Getting Funded: VCs Go Head-to-Head With Start-Ups at TechCrunch40

Published on September 18, 2007
by John Paczkowski

At this midday panel, TechCrunch40 co-host Jason Calacanis moderated a discussion with Jay Adelson (Digg), David Sacks (Geni), Roelof Botha (Sequoia Capital), Sumant Mandel (Clearstone), George Zachary (Charles River Ventures), Hank Barry (Howard Rice), and Jeff Clavier (SoftTech VC).

(Quick aside: Before the panel begins, the woman sitting next to me is investigating the contents of the TechCrunch40 schwag bags, which apparently include AOL CD cases recovered from an intern-led archaeological dig at the company’s Dulles, Md.Va., campus.)

After introductions, Calacanis poses the first question to the VCs on the panel: How does somebody best get into your office?

Mandel: A referral or introduction from a colleague.

Zachary: An introduction or a very simple email.

Clavier: Introductions, but he admits–perhaps foolishly–that being mobbed at conferences does sometimes work. (Start-up pig-pile on Jeff in the Demo Pit everyone!)

Botha: Likes the simple email idea as well.

Calacanis asks Adelson about his approach to raising capital. “Do you just call the same people and ask for money?” Adelson says you seek out capital from the people most likely to offer it in support of the business you’re pitching.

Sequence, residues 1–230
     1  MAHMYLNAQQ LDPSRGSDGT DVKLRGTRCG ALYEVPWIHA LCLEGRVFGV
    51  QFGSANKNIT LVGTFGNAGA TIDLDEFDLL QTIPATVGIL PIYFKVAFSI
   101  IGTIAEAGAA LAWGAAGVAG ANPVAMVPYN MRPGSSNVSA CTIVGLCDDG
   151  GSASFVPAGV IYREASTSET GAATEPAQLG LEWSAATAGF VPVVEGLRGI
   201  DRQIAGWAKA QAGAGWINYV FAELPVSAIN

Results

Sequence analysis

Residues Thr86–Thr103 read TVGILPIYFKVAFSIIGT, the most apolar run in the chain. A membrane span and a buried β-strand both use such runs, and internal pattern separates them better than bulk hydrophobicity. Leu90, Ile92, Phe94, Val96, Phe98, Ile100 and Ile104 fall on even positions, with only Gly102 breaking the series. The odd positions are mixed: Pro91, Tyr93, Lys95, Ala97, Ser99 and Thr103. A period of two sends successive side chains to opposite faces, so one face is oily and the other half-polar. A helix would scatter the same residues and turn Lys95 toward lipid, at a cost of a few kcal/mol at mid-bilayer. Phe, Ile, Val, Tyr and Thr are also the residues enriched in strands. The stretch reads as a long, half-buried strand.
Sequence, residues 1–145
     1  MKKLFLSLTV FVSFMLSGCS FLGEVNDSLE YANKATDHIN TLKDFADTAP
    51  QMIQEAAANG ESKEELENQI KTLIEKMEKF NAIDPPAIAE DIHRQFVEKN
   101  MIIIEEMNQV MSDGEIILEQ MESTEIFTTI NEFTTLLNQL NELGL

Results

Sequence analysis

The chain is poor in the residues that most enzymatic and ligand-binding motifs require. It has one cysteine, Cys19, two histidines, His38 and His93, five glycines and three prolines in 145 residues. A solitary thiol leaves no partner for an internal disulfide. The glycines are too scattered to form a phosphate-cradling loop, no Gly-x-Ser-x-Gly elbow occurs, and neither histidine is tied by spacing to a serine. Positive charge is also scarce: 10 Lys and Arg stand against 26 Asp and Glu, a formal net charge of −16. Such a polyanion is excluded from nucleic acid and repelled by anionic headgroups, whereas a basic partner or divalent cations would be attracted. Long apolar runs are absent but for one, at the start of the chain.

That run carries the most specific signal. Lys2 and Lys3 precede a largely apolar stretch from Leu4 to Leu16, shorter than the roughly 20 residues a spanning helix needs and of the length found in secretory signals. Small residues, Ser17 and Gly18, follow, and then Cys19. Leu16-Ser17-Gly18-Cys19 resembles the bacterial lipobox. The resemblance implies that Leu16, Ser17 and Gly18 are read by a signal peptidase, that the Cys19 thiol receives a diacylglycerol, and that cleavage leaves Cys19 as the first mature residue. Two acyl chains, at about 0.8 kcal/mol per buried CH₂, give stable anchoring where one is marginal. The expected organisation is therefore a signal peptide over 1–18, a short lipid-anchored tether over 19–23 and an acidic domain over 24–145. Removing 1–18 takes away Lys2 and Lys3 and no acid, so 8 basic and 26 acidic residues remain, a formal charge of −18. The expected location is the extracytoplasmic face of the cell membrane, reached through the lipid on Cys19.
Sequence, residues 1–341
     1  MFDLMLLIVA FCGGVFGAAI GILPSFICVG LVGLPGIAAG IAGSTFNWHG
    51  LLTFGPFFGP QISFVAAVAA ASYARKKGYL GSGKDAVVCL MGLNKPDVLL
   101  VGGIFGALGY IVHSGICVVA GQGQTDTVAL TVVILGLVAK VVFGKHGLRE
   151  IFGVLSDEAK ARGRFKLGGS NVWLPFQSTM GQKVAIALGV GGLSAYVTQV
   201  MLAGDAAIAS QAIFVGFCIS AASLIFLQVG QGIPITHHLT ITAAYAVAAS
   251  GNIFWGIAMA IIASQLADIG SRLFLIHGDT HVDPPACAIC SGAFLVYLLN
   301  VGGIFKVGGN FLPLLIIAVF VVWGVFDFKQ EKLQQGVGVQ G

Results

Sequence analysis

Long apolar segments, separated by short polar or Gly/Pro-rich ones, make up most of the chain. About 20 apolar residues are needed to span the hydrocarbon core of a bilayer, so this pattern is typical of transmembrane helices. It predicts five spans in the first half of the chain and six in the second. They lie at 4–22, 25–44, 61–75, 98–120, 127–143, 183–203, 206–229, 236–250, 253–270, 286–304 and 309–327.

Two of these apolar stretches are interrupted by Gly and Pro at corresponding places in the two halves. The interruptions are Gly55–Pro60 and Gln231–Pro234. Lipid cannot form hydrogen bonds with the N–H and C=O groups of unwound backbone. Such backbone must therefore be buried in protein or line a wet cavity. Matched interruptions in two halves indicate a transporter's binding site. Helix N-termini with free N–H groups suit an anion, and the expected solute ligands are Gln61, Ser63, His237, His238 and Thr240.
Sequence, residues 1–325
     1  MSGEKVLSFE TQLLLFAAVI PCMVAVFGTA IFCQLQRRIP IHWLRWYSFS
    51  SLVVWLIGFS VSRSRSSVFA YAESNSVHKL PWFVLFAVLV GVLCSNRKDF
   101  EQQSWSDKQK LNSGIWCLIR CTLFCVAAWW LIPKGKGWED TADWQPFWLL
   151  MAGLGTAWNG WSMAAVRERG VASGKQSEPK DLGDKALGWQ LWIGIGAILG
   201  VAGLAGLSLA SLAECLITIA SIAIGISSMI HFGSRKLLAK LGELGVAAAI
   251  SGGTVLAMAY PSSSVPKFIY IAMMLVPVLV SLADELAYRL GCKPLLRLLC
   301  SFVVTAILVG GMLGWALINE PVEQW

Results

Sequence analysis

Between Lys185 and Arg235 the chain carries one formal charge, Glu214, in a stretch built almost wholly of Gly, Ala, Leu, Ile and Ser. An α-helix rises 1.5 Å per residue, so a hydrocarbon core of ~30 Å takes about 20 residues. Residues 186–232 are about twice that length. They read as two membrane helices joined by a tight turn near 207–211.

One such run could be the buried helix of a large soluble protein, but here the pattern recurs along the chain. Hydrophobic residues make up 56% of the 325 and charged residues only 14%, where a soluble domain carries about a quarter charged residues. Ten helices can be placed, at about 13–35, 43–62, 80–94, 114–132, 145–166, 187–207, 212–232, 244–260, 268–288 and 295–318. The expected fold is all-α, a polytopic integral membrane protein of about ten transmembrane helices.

Same question asked of Sacks. He says Geni did its series A round as an idea and its series B as an actual product. Suggests aspiring entrepreneurs focus their early efforts on the refinement of your idea and your vision. That’s the best way to guarantee a good VC valuation.

Question: How do you determine valuations? Is it all based on your perception of a start-up as bankable and the idea of owning the next five years of its life?

Mandel seems to agree that there’s a logical aspect to these decisions, but insists that there’s also an emotional one as well.

Botha agrees and notes the recent insanity around Facebook’s valuations.

Clavier, a long-time angel investor, then announces a $12 million seed fund. Its focus will be the consumer side of the Internet, with a few dozen deals, ranging from $100,000 to $500,000, over the next 3 years.

Question from TechCrunch40 co-host Michael Arrington: Wonders if VCs are peeved that the angels are swooping in and taking companies that they would have liked to fund away from them.

Botha says of course. But adds that this all contributes to the ecosystem of innovation, yadda, yadda … competition is desirable. ….

Panel descends into pure VC 101 tedium. And then ….

What’s the stupidest thing an entrepreneur has done to get your attention?

Clavier: Clipping your nails during a meeting.

Clearly the high point of the panel. Time to find coffee.

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